As war rages on in Ukraine, President Joe Biden will huddle with key allies in Brussels and Warsaw this week to talk through plans for imposing punishing new sanctions on Russia and dealing with an extraordinary humanitarian crisis, while developing a consensus on how they would respond if Russia were to launch a cyber, chemical or even nuclear attack.
Biden arrived in Brussels on Wednesday for a four-day trip that will test his ability to navigate Europe’s worst crisis since World War II ended in 1945. There are fears that Russia could use chemical or nuclear weapons as its invasion becomes bogged down in the face of logistical problems and fierce Ukrainian resistance.
“I think it’s a real threat,” Biden said of the possibility of Russia deploying chemical weapons. He spoke during a brief exchange with reporters at the White House before his departure.
Humanitarian challenges are growing as well. Millions of refugees have fled the fighting, mostly by crossing the border into Poland, and the war has jeopardized Ukraine’s wheat and barley harvests, raising the possibility of rising hunger in impoverished areas around the globe.
As Biden made his way to Brussels, his top diplomat announced he had made a formal determination that Russian troops have committed war crimes in Ukraine.
Secretary of State Antony Blinken, traveling with Biden, said in a statement the assessment was made on a “careful review” of public and intelligence sources since Russia launched its invasion of Ukraine a month ago. He said the U.S. would share that information with allies, partners and international institutions tasked with investigating allegations of war crimes and crimes against humanity.
“We’ve seen numerous credible reports of indiscriminate attacks and attacks deliberately targeting civilians, as well as other atrocities. Russia’s forces have destroyed apartment buildings, schools, hospitals, critical infrastructure, civilian vehicles, shopping centers and ambulances, leaving thousands of innocent civilians killed or wounded,” Blinken said.
Jake Sullivan, Biden’s national security adviser, said the president would coordinate with allies on military assistance for Ukraine and new sanctions on Russia during meetings Thursday with NATO officials, Group of Seven leaders and European Union allies.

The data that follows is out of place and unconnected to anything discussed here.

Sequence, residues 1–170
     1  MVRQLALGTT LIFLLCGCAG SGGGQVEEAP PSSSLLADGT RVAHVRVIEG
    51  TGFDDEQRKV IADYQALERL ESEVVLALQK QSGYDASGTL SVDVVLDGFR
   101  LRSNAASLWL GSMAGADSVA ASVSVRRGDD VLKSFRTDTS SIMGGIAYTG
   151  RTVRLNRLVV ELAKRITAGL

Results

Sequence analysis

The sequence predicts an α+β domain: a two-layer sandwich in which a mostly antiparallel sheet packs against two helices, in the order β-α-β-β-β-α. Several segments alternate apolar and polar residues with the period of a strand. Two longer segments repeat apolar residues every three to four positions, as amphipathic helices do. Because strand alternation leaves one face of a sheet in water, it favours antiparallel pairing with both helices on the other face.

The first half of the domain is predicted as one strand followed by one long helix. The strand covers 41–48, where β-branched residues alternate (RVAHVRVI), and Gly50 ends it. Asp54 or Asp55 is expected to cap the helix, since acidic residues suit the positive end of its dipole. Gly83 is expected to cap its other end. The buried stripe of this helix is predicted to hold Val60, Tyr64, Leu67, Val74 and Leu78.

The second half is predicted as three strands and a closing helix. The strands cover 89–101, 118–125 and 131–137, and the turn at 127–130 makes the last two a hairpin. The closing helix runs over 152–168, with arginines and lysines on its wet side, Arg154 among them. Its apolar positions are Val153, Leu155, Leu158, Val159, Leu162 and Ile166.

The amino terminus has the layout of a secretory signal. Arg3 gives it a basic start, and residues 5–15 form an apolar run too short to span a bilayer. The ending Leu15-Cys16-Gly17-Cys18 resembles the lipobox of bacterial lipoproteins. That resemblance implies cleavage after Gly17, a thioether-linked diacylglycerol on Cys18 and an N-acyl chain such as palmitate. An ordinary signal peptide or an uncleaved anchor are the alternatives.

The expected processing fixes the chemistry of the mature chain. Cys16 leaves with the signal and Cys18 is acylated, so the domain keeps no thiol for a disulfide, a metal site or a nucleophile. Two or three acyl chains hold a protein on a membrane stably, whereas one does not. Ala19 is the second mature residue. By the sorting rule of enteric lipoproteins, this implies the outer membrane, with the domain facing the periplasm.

At NATO, Biden and fellow leaders will “set out a longer term game plan” for what forces and capabilities are going to be required for the alliance’s eastern flank countries, Sullivan said. Leaders of several Eastern European NATO members have pressed for a greater U.S. and NATO presence in their backyards in the aftermath of the Ukraine invasion.
NATO Secretary-General Jens Stoltenberg said four new battlegroups, which usually number between 1,000 and 1,500 troops, are being temporarily set up in Hungary, Slovakia, Romania and Bulgaria. A permanent force posture is expected to be formally announced at the next NATO summit in Madrid in June, Sullivan said.
European Union nations on Wednesday also signed off on another 500 million euros in military aid for Ukraine. EU foreign affairs chief Josep Borrell called the doubling of the EU’s military aid since the Feb. 24 beginning of the war “another sign of the EU’s support to the Ukrainian armed forces to defend their territory and their population.”
At the meeting of the Group of Seven, leaders from the bloc of wealthy, industrialized nations are expected to unveil a new initiative to coordinate sanctions enforcement and unveil additional sanctions against Russian officials.
One new sanctions option that Biden is looking at is to target hundreds of members of the Russian State Duma, the lower house of parliament, according to a U.S. official who spoke on the condition of anonymity to discuss the potential move. The official added that a final decision hasn’t been made and that the new sanctions would be rolled out in coordination with Western allies.